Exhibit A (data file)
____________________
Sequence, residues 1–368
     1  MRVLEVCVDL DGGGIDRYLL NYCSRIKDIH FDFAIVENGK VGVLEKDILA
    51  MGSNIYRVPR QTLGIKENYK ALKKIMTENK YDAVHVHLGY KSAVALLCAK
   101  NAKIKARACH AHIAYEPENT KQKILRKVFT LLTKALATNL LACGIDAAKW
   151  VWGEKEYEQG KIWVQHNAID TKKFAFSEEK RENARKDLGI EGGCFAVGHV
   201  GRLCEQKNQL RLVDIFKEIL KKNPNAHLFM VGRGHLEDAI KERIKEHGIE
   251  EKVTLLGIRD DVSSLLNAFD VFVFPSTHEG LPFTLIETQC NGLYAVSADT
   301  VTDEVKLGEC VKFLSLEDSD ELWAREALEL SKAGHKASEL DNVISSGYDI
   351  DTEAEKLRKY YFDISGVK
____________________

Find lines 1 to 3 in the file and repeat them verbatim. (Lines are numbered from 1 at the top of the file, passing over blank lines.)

Sequence, residues 1–368
     1  MRVLEVCVDL DGGGIDRYLL NYCSRIKDIH FDFAIVENGK VGVLEKDILA
    51  MGSNIYRVPR QTLGIKENYK ALKKIMTENK YDAVHVHLGY KSAVALLCAK